GARDENING: Super show punches well above its weight

Under normal circumstances this weekend would have been our first flower show call of the season at nearby Howick village, where the hall is always packed with produce.

By The Newsroom
Thursday, 30th July 2020, 12:00 am
Show exhibitors always do themselves proud.
Show exhibitors always do themselves proud.

A lovely social event, it punches well above its weight. Then August brings the bigger attractions of our area with Warkworth and Glendale shows, but sadly, this year they and others throughout the county have had no option but to cancel such live events. We should also by this time have the annual May visit to Chelsea Flower Show tucked under our belts, but they too had to cancel, bringing disappointment to millions. So, the closure became nationwide with the reality of no shows to visit this year.

But never underestimate the ability of humankind to improvise. The Royal Horticultural Society (RHS), well advanced in their preparations for Chelsea, led the way in announcing that with the aid of virtual technology a week-long version would appear online for RHS members. With BBC Television also bringing it into our living rooms, virtual reality saved the day for this fellow

and no doubt many more. Meanwhile, Warkworth Flower Show, fondly referred to in days of yore as `Chelsea of the North,` felt the need to offer something. Two world wars and an outbreak of foot and mouth disease had caused previous cancellations in their 161 years history, but now we have the technology to make a difference. A dedicated working group was established, an Exhibition Schedule printed, and the Warkworth Show Virtual Marquee will be open to the public online at from 10am on Saturday 22 nd August. To the best of my knowledge this is the only show in the North East this year! How will it all work? It is restricted to residents of Warkworth Parish, Amble Allotment Holders, and Amble, Acklington and Warkworth WI`s. It's a virtual exhibition so entries will be via digital photography and email over the internet. Some classes allow the exhibitor to take their own images and send them in. Those without this facility will receive help so no one is disadvantaged. A team of photographers is organised to visit homes at a prearranged date and time to photograph exhibits. Once all images are uploaded, they will be made available to the respective judges.

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This show will be different in that there are no cups, trophies or prize monies awarded. Nor is there an entry fee. Only one entry per class is allowed, and there's a single ticket incentive for every entry received. It will go into a draw for the £100 food hamper.

Browsing the Virtual Exhibition Schedule is a revelation. It appears to have all the usual classes. For example, the horticultural offers fruit, open flowers and vegetables, pot plants, dahlias, and novices sections. No `collection of vegetables` class though. Thank goodness, I`d be wanting to handle them to check for soundness before passing judgement! In the period leading up to Warkworth`s first ever virtual Flower Show, they have been running a fortnightly Wednesday Challenge online. This began in early June and continues until August 5 th . It has involved sending home-based digital images of named themes to [email protected]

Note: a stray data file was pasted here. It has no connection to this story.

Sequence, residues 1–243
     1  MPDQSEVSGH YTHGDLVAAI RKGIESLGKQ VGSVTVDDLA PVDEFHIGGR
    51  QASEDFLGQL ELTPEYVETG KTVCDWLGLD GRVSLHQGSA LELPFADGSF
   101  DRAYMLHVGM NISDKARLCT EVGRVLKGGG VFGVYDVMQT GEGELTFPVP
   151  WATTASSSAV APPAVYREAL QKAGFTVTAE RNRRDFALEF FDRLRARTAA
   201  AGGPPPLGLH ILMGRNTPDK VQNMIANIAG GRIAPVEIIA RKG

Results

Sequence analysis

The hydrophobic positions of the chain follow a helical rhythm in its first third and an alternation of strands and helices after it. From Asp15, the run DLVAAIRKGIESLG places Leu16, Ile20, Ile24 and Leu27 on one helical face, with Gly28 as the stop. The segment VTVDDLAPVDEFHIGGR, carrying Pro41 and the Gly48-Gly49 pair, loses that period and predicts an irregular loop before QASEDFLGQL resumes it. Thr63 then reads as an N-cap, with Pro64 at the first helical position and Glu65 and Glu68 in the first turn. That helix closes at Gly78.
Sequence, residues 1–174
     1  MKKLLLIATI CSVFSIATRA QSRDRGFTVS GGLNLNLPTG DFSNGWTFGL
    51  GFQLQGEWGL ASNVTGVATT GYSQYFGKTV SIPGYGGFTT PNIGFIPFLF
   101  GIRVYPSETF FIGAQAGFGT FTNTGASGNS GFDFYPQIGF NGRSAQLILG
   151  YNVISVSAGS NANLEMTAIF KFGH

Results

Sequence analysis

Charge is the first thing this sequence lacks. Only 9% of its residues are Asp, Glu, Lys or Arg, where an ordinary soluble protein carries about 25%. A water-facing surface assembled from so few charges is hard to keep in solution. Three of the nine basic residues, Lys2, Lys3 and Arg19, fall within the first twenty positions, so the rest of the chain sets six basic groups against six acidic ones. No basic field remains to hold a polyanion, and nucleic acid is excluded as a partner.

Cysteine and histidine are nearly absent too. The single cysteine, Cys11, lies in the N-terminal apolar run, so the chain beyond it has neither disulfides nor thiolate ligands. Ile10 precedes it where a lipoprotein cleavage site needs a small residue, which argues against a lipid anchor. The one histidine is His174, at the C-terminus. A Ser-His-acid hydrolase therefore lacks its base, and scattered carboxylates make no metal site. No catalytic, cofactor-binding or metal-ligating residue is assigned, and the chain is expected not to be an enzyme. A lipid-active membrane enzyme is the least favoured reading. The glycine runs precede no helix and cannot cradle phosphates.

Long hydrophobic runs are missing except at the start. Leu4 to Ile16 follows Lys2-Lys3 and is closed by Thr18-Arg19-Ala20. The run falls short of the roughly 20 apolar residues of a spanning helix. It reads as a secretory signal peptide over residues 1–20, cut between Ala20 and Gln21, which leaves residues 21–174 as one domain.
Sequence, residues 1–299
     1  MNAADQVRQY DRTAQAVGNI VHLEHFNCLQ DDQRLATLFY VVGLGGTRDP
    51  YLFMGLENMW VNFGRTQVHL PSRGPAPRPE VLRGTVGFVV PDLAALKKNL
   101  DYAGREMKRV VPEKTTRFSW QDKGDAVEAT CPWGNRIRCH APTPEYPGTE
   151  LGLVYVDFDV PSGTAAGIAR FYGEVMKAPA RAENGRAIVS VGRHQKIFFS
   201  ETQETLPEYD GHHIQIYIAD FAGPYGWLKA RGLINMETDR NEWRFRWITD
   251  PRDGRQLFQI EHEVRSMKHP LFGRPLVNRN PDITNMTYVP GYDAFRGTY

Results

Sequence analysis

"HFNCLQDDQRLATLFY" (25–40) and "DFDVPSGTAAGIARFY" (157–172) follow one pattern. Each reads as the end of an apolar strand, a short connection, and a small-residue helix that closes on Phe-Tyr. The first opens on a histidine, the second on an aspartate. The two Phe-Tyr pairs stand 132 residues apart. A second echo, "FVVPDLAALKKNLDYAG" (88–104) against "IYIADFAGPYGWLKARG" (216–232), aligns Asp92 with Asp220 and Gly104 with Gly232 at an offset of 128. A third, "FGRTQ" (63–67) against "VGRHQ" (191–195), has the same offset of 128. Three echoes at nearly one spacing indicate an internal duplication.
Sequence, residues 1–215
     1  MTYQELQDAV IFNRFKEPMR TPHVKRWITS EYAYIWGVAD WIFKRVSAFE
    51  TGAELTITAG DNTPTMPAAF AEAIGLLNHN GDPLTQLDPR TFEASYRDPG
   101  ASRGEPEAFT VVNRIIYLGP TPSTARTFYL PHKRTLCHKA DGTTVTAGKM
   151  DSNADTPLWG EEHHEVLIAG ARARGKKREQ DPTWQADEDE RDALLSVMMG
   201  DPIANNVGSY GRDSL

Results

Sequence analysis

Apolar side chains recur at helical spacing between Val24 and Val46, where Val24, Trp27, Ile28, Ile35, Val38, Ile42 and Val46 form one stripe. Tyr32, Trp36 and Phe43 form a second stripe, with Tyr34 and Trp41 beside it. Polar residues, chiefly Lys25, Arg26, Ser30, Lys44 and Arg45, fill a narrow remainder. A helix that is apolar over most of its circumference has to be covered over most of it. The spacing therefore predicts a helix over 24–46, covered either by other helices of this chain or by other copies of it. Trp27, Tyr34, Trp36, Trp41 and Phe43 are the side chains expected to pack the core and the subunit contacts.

which are then uploaded to the show`s Facebook page. For each challenge the image with most `likes` is highlighted. Last week`s themes were; most impressive compost heap, and a pattern made from pebbles.

Statistics show that Horticultural and Industrial Exhibitions a.k.a. Flower Shows are not every gardener`s cup of tea when it comes to placing entries. At the last count, a mere 3% of the population did so. However, the number visiting such shows is a totally different matter, as Warkworth, Glendale, and yes – nationals such as Chelsea prove.

Why are they so popular? Perhaps it's because they have a history of social contact which even in a technological age, remains an essential part of our psyche. But it's more than an annual catch-up with old acquaintances, there are quality items on display, useful information to glean, and ideas abounding. The annual show offers a chance to meet the creators of exhibits that have caught the eye and discover that they`re happy to impart their knowledge, be it horticultural or industrial. It might be the name of a plant variety, how it's been grown or the source. Floral art, knitting, crochet, preserves, cakes and photographic images are always a hub of attention. Children's classes are forever viewed with interest, not least by show organisers, for youngsters reflect the future of such organisations. Dare we hope that the technological element in this year`s Warkworth Show will kindle the gardening interest of youthful participants?